COVID-19 is a highly contagious disease that has infected over 136 million people worldwide with over 2.9 million deaths as of 11 April 2021. In March 2020, the WHO declared COVID-19 as a pandemic and countries began to implement measures to control the spread of the virus. The spread and the death rates of the virus displayed dramatic differences among countries globally, showing that there are several factors affecting its spread and mortality. By utilizing the cumulative number of cases from John Hopkins University, the recovery rate, death rate, and the number of active, recovered, and death cases were simulated to analyse the trends and patterns within the chosen countries. 10 countries from 3 different case severity categories (high cases, medium cases, and low cases) and 5 continents (Asia, North America, South America, Europe, and Oceania) were studied. A generalized SEIR model which considers control measures such as isolation, and preventive measures such as vaccination is applied in this study. This model is able to capture not only the dynamics between the states, but also the time evolution of the states by using the fourth-order-Runge-Kutta process. This study found no significant patterns in the countries under the same case severity category, suggesting that there are other factors contributing to the pattern in these countries. One of the factors influencing the pattern in each country is the population's age. COVID-19 related deaths were found to be notably higher among older people, indicating that countries comprising of a larger proportion of older age groups have an increased risk of experiencing higher death rates. Tighter governmental control measures led to fewer infections and eventually reduced the number of death cases, while increasing the recovery rate, and early implementations were found to be far more effective in controlling the spread of the virus and produced better outcomes.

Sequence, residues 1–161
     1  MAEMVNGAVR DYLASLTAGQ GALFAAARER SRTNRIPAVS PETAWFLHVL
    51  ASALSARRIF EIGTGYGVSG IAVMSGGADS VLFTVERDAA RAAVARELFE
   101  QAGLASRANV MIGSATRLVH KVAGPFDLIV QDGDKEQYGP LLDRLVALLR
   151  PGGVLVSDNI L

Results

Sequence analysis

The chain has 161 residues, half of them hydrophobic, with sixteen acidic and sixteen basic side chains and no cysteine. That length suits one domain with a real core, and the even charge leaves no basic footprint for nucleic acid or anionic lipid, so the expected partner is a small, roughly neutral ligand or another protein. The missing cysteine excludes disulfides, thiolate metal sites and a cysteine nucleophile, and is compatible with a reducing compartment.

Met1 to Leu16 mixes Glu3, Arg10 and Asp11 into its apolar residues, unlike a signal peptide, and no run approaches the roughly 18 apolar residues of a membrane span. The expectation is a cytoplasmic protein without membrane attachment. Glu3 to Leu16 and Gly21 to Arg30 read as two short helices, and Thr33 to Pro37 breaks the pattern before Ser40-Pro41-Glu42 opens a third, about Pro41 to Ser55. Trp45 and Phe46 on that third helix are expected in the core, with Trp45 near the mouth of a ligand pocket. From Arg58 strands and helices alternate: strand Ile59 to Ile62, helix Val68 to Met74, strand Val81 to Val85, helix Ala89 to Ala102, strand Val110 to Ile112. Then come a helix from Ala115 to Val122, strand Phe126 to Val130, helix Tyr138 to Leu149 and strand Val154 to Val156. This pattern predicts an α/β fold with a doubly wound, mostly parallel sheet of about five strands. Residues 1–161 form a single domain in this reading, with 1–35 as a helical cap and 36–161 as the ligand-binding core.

6.
EuropePMC; 2022.
Preprint in English | EuropePMC | ID: ppcovidwho-336878

ABSTRACT

The global emergence of SARS-CoV-2 variants has led to increasing breakthrough infections in vaccinated populations, calling for an urgent need to develop more effective and broad-spectrum vaccines to combat COVID-19. Here we report the preclinical development of RQ3013, an mRNA vaccine candidate intended to bring broad protection against SARS-CoV-2 variants of concern (VOCs). RQ3013, which contains pseudouridine-modified mRNAs formulated in lipid nanoparticles, encodes the spike(S) protein harboring a combination of mutations responsible for immune evasion of VOCs. Here we characterized the expressed S immunogen and evaluated the immunogenicity, efficacy, and safety of RQ3013 in various animal models. RQ3013 elicited robust immune responses in mice, hamsters, and nonhuman primates (NHP). It can induce high titers of antibodies with broad cross-neutralizing ability against the Wild-type, B.1.1.7, B.1.351, B.1.617.2, and the omicron B.1.1.529 variants. In mice and NHP, two doses of RQ3013 protected the upper and lower respiratory tract against infection by SARS-CoV-2 and its variants. We also proved the safety of RQ3013 in NHP models. Our results provided key support for the evaluation of RQ3013 in clinical trials.